The OD Issue 2 - page 13

11
2012 · issue 2
book shelf
The Man Within
My Head
Pico Iyer
(OD 1970)
Bloomsbury Publishing PLC,
2012
“We all carry other people inside
our heads - actors, leaders,
writers, people from history
or fiction, met or unmet, who
sometimes seem closer to us
than people we know.
In
The Man Within My Head
,
Pico Iyer sets out to unravel
the mysterious closeness he
has always felt with the writer
Graham Greene: he examines
Greene’s obsessions, his life
on the road, his penchant for
mystery. Iyer follows Greene’s
trail from his first novel,
The
Man Within
, to such later classics
as
The Quiet American
and
begins to unpack all they have
in common: a typical old-school
education, a lifelong restlessness
and refusal to make a home
anywhere, a fascination with
the complications of faith. The
deeper Iyer plunges into their
haunted kinship, however, the
more he begins to wonder
whether the man within his head
is not Greene but his own father,
or perhaps some more shadowy
aspect of himself.
Drawing upon experiences
across the globe, from Cuba
to Bhutan, and moving, as
Greene would, from Sri Lanka
at war to intimate moments
of introspection; trying to
make sense of his own past,
commuting between the
cloisters of a fifteenth-century
boarding school and California
in the 1960s, one of our most
resourceful cultural explorers
gives us his most personal and
revelatory book yet, and one
of the best new portraits of
Greene himself.”
Crops and Carbon:
Paying Farmers to
Combat Climate Change
Mike Robbins
(OD 1970)
Earthscan, 2011
“Rich countries are paying
poor countries to fight climate
change on their behalf - and
one way they are doing it is
through carbon sinks. These
are reservoirs of organic carbon
tied up in plants and in the
earth, rather than being in the
atmosphere as greenhouse
gases. This book looks critically
at this mode of climate change
mitigation. Can it work? Is
it just? Will poorer countries
benefit? The book considers the
scientific, economic and ethical
basis for this type of mitigation.
Previous attention has been
focused mainly on reducing
emissions from deforestation
and land degradation (REDD),
but this book is one of the
first attempts to examine the
potential for carbon sinks in
agriculture in crop plants and the
soil. In assessing this, the author
examines exactly how north-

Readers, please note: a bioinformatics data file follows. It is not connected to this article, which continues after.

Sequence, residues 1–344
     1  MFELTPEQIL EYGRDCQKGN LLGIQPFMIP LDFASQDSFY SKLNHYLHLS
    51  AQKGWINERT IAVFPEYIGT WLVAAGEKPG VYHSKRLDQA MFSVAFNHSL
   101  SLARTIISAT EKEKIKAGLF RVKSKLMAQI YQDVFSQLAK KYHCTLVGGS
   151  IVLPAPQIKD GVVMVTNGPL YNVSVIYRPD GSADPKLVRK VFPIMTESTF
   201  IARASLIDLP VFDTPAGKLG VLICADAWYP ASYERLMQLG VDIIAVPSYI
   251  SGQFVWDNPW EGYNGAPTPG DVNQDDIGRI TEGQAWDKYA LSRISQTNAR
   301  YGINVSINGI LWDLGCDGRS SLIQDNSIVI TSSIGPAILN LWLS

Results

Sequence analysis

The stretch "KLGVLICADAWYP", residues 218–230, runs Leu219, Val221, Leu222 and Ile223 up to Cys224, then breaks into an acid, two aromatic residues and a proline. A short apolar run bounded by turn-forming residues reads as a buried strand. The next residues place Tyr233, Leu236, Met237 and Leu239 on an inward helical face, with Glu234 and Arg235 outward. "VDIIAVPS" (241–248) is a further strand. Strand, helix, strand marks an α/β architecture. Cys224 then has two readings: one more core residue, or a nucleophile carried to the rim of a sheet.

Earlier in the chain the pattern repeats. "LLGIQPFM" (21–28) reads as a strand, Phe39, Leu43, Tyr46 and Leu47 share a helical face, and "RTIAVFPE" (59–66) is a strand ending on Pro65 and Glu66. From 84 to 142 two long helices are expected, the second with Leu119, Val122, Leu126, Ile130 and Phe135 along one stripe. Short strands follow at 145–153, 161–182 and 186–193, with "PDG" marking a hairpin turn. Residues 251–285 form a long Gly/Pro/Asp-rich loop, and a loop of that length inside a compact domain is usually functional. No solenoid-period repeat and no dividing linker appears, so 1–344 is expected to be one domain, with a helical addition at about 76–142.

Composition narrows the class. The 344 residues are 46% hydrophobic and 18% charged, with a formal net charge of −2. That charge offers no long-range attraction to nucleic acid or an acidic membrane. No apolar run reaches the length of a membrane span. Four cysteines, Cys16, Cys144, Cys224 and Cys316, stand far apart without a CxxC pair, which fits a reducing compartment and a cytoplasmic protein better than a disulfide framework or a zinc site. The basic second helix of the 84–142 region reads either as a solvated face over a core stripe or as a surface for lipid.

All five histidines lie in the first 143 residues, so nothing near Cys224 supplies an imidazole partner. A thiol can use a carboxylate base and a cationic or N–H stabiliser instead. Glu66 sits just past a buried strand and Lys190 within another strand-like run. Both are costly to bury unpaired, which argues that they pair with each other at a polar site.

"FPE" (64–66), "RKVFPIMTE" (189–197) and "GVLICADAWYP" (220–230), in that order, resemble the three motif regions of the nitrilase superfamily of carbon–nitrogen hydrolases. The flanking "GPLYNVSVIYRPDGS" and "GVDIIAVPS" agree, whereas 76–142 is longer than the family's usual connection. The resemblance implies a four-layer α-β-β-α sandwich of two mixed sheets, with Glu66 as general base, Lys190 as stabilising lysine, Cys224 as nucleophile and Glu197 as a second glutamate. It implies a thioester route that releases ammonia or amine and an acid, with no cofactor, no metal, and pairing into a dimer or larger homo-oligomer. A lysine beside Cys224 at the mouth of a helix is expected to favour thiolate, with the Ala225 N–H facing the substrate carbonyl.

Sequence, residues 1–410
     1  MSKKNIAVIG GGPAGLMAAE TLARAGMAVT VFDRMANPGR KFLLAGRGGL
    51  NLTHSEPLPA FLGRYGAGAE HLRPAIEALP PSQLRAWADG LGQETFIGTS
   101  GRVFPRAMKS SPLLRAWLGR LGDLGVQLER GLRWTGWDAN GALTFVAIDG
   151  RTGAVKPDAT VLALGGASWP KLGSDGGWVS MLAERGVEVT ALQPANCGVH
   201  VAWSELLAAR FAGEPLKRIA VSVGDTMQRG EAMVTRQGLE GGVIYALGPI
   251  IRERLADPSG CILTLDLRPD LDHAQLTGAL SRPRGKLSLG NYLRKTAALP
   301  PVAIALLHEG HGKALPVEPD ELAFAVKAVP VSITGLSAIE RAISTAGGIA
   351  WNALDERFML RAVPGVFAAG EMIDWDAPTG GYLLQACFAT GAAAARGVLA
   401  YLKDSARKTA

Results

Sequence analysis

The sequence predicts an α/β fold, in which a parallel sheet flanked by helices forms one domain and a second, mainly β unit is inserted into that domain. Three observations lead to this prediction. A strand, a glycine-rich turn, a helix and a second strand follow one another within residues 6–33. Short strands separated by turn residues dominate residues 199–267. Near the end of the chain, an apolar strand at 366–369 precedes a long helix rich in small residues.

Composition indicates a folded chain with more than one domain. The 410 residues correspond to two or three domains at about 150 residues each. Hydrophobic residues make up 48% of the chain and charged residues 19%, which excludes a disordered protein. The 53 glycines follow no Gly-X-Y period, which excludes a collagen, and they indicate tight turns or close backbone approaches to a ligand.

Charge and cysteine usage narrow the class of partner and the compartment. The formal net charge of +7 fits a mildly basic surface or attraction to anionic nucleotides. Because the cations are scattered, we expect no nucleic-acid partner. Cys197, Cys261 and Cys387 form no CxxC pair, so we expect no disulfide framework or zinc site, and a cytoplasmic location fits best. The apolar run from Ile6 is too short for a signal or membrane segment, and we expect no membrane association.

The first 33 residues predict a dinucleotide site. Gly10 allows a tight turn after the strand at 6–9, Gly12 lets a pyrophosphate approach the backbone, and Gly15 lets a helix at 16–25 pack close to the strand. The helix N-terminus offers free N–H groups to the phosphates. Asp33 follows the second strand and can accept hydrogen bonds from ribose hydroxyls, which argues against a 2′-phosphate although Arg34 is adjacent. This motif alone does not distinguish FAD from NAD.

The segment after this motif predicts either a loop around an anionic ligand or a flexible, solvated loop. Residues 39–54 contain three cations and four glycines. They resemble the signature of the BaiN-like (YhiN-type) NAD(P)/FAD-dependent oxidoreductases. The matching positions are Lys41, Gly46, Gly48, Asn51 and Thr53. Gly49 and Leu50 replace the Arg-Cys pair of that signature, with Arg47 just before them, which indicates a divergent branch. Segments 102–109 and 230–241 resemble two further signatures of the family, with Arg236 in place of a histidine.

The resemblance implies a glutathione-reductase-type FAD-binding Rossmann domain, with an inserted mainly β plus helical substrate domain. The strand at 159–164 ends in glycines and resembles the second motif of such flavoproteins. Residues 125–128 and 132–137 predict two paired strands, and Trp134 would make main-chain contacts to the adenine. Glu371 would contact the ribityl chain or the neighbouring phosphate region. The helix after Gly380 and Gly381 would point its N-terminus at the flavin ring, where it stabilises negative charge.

south climate mitigation trading
works, or does not, and what
the pitfalls are. It highlights the
complex relationship between
agriculture, particularly different
forms of farming systems, and
the mitigation of climate change.
The arguments are backed up by
original research with farmers
in Brazil to demonstrate the
challenges and prospects which
these proposals offer in terms
of payments for environmental
services from agriculture
through carbon trading.”
New Light for the
Old Dark
Sam Willetts
(OD 1975)
Random House, 2012
“The poems in this remarkable
first collection have been hard
won: ‘Fruits of much grief they
are,’ as Donne said, ‘emblems of
more.’ Having lost ten years to
heroin addiction and recovery,
Sam Willetts emerges now –
suddenly, and apparently from
nowhere – as a fully-fledged and
significant English poet.
In a book deeply conscious
of history, one series of poems
tracks his mother’s escape, as a
young girl, from the Nazis, in
a narrative that moves from a
Stuka attack on the Smolensk
Road to the Krakow ghetto,
the destruction of Warsaw, to
Nuremberg and Nagasaki
and, finally, his mother’s
grave. Other poems address
Englishness, secular Jewishness,
and the childhood pleasures of
Oxfordshire – an increasingly
deceptive pastoral, stalked
and eventually shattered by
heroin, which brings a grim new
existence among dealers and
users. The redemption the poet
finds, through detox and rehab,
love and writing, is full of regret
for the years and lives wasted,
but also offers a lyrical rebirth
of the senses: ‘In a new light, a
new moon/ that isn’t made of
scorched tinfoil/will turn your
tide again’.
Deft, economical and
wonderfully original, this is
work that celebrates the peaks
and troughs of a lived life, the
poems’ vivid clarity feeling both
fresh and fully earned. It is rare
to find an unknown poet of such
mature quality, and
New Light
for the Old Dark
represents a
brilliant dawning.”
Why We Run
Robin Harvie
(OD 1990)
John Murray, 2011
“Everyone can run. Whether it
is a jog around the park on a
Sunday morning, or lining up
with 40,000 other people at the
start of the London Marathon,
all it requires is a pair of trainers
and the open road. But where
does that road lead and why do
we run at all? Robin Harvie ran
his first marathon after a bet, but
it wasn’t until he had ventured
6,000 miles into the extreme
world of ultra-distance running
to the start line of the oldest and
toughest footrace on earth, that
he found an answer.
As a hobby turned into a
120-mile-a-week obsession, so
a way out of his daily routine
evolved into a journey to
discover who he was and what
he was really made of. Through
the scorching heat of the desert
and into the darkest hours of the
morning,
Why We Run
reveals
the beating heart of the brutal
and profoundly intoxicating
experience of running.
If you have ever wondered
what makes you lace up your
trainers, and why you keep
coming back for more, this is
your story too.”
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